Mark Kobayashi-Hillary

Readers of the US newspaper The New York Times cannot have failed to notice a recent feature on the number of hi-tech businesses working in Eastern Europe.

Accenture in Prague is working on behalf of companies such as Rhodia and SAP. The newspaper piece comments: “The United States may turn to India to fill many of its call-centre jobs and the like. But Western Europe is turning more frequently these days to its own backyard, transforming a few urban centres of the former Communist bloc into the Bangalores of Europe.”

One might question whether Bangalore is actually the kind of city any European would aspire to emulate. Ask any Indian who is not from Bangalore what they think of the southern hi-tech hub and they will tell you that the weather is nice, but you have to tolerate horrendous traffic, an airport that is miles from the city with no rail link, and sky high restaurant and bar prices.

IBM, Dell, and Morgan Stanley have all outsourced functions of their business to Eastern Europe too – ensuring that this is not just about Western Europe sending work to the East. The Americans are also working with Eastern Europe.

The New York Times spoke to Robert H. Brown, an outsourcing analyst at Gartner Dataquest, who expects growth in Eastern Europe to outstrip the rest of the market in the next four years, expanding close to 30 percent by 2010, compared with 25 percent for the global market. Those are exciting growth figures. This is a market not only growing steadily out of the recession; it’s growing faster than anywhere else in the world.

And what’s the key difference in this region compared to India? European business culture, political stability inside the European Union, and the ability work in English, German, French, Russian, and any other local language. You can’t find that in Bangalore. I should know. I once worked for a French company in Bangalore and we struggled to even find a receptionist who could answer the phone using French.

When the A8 nations joined the European Union in 2004 – expanding the union to the east – it was expected that many would migrate west in search of work. Many people did, but now many have gone home because high quality work in technology industry has come to them. The New York Times reports: “In the Czech Republic, unemployment fell by the start of this year to 7.1 percent from 7.8 percent in 2002; in Poland, joblessness dropped to 13.4 percent from 20.2 percent five years ago; and in Slovakia, to 11.6 percent from 19.7 percent, according to Eurostat.”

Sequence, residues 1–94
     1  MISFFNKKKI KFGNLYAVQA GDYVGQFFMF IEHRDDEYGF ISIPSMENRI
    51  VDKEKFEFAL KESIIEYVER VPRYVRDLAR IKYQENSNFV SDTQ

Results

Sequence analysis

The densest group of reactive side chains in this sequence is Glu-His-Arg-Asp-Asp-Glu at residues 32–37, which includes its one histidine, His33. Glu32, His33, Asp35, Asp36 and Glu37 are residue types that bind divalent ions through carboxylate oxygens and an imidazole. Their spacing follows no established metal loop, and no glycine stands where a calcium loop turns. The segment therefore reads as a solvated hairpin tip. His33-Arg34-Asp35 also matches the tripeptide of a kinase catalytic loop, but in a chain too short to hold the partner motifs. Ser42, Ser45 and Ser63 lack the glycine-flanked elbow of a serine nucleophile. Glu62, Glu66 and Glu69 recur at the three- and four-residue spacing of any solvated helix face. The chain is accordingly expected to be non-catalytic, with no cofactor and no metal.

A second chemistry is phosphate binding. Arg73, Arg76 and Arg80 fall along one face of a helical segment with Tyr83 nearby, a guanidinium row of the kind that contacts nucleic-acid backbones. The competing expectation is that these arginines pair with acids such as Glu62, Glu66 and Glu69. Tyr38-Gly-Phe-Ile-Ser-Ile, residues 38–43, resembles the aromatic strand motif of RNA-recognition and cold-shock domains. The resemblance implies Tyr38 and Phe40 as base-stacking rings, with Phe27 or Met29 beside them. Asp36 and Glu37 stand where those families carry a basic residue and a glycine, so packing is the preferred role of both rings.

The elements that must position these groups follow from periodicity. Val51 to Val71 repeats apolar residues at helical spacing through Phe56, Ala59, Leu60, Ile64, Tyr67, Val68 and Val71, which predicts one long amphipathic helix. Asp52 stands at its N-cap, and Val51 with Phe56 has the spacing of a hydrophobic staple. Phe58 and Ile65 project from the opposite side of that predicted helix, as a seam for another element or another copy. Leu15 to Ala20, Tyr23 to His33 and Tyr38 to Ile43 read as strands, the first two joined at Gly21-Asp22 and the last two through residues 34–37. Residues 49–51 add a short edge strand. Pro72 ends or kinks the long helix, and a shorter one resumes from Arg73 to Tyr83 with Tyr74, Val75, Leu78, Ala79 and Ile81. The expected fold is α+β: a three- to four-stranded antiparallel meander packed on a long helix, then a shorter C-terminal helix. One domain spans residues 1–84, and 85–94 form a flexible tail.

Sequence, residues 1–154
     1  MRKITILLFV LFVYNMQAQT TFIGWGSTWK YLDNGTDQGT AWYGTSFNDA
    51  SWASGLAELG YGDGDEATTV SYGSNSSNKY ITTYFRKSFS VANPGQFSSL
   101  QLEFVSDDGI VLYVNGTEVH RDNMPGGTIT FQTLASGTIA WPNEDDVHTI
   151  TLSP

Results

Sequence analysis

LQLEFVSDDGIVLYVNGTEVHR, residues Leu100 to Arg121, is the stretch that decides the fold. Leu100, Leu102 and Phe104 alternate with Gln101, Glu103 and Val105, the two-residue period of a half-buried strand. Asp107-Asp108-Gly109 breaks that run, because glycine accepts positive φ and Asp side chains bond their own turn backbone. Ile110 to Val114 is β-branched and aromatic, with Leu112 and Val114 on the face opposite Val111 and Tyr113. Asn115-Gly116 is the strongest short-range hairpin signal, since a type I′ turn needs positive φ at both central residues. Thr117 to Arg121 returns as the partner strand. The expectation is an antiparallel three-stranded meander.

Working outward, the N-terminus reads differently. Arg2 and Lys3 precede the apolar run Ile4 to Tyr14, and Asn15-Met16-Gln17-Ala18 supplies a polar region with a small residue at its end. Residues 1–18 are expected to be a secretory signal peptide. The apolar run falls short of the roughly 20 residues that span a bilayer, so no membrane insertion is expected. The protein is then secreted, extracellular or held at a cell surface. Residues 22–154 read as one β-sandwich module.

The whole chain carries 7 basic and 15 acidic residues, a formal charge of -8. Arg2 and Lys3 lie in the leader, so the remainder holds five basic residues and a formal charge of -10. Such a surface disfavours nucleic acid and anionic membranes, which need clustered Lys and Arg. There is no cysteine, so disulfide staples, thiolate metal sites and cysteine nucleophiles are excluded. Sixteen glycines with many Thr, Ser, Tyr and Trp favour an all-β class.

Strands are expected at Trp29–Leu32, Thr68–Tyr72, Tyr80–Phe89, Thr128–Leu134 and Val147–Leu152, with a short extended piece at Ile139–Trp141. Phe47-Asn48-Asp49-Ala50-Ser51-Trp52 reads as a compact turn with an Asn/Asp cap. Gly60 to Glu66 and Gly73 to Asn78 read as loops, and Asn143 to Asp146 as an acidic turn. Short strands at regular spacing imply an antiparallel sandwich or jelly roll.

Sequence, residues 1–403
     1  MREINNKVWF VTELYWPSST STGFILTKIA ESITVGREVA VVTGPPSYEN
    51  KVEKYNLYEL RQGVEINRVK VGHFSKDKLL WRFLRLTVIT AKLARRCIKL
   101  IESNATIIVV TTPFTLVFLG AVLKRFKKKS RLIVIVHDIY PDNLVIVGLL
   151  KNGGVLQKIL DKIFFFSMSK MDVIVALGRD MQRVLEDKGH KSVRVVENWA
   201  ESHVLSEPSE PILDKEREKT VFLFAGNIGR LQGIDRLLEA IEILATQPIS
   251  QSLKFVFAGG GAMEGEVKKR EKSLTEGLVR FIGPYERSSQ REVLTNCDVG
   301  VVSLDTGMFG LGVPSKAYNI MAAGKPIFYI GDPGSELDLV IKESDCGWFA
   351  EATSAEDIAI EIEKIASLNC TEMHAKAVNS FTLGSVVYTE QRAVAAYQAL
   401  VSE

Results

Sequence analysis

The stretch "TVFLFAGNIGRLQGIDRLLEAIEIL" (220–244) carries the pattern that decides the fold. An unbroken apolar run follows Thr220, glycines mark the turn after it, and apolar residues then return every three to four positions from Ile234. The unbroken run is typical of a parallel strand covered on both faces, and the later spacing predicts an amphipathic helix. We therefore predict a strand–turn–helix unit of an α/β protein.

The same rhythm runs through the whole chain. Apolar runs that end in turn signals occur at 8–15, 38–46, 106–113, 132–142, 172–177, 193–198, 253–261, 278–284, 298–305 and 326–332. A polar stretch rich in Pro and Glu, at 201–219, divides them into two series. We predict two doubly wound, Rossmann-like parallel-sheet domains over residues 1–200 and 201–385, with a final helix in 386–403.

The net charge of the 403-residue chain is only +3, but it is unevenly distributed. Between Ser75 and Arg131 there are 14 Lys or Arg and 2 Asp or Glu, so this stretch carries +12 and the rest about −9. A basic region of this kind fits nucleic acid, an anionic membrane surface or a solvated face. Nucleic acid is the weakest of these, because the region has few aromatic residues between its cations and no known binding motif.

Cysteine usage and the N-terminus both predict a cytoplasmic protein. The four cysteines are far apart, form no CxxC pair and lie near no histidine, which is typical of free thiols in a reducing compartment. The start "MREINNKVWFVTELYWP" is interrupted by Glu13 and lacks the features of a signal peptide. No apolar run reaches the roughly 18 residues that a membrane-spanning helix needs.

That’s positive news. The brightest and the best companies in Eastern Europe have been trying hard to alert those thinking of working with India that there is a more local alternative. If a heavyweight paper such as the New York Times is now shining a light on the region then hopefully more senior executives will come to see what is on offer.

IT Services: Three Major Trends

The past couple of years have been a trying time for anyone involved in IT services in all parts of the world. The global economic slowdown has affected most sectors, leaving few end-user companies in a strong position, spending on IT for the future. Most have just been focused on budget cuts and strategy reviews.

The growth of IT services being delivered from central and Eastern Europe (CEE) boomed almost in parallel with the growth of delivery from more remote locations, such as India, but can the troubles faced by India help European technology firms? Outsourcing slipped down the management agenda during the recession and is now becoming a popular recovery strategy, so this combination could mean the CEE region has far more to gain from the recovery.

And even now some growth has returned – albeit still fairly weak – can the IT industry just deliver ‘more of the same’? The reality is that the IT services industry has to change if it is to grow and succeed in the long term. There is an emergence of some important new markets, being driven by what might be termed ‘mega-trends’ in society. While service sector firms can sit and wait for a recovery in retail or banking, it’s going to be these mega-trends that really shape the future of the industry.